Las Vegas house flippers booked an average gross profit of $51,500 per deal in the first quarter, up 29 percent from the same period last year, a new report shows.
The Raiders want to go low-profile until planning for a 65,000-seat domed stadium destined for 63 acres at Interstate 15 and Russell Road is a little further along.
The Blackstone Group, a global investment giant, has gone from buying the recession’s discarded leftovers to snapping up hot property in Las Vegas.
Students of Professor Bo Bernhard were asked to write a proposal for an integrated resort to be built in Japan. They had to consider mission statements, design elements, marketing and branding strategies and to make them fit within Japanese cultural expectations.
If plans come together as envisioned in two top news stories from last week, there’s going to be one serious party in Las Vegas come 2020.
Resorts World Las Vegas, the supersized, Chinese-themed casino project on the Strip, got a new boss this week, another expected opening date, and another promise of soon-to-come heavy work.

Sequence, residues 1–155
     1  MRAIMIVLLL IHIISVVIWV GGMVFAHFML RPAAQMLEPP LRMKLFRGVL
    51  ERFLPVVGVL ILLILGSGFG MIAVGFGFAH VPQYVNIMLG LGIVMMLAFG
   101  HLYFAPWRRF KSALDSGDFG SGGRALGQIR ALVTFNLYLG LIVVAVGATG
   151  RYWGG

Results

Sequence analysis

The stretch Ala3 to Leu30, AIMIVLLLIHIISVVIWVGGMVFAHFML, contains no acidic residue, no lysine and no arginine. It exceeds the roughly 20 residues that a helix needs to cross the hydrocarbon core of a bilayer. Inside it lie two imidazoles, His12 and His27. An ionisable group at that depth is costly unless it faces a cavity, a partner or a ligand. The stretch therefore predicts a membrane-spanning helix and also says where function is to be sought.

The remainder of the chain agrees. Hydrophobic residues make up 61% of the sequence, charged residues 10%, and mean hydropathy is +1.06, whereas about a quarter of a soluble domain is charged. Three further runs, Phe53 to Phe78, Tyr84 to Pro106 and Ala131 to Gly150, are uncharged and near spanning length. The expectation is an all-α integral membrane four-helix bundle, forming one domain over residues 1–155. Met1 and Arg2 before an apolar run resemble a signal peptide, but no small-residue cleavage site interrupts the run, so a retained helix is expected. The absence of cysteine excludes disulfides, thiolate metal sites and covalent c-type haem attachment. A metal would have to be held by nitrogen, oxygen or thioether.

When the Nevada Gaming Commission meets Thursday, members will consider tinkering with Regulation 22, the state’s rules governing race and sportsbook wagers.
Though created by the same legislation, the Stadium Authority and the Oversight Panel have completely different roles and responsibilities.
It’s been set on fire and ripped apart by vandals. Its owners have been ordered to fix it or tear it down. There has even been a rumor of ghosts. And now, thanks to the Raiders, it’s looking like prime real estate.
A panel of five prominent casino designers recently talked with masters-level business students from London’s Cass Business School, who were in the city for a first-hand look at what makes the casino industry tick.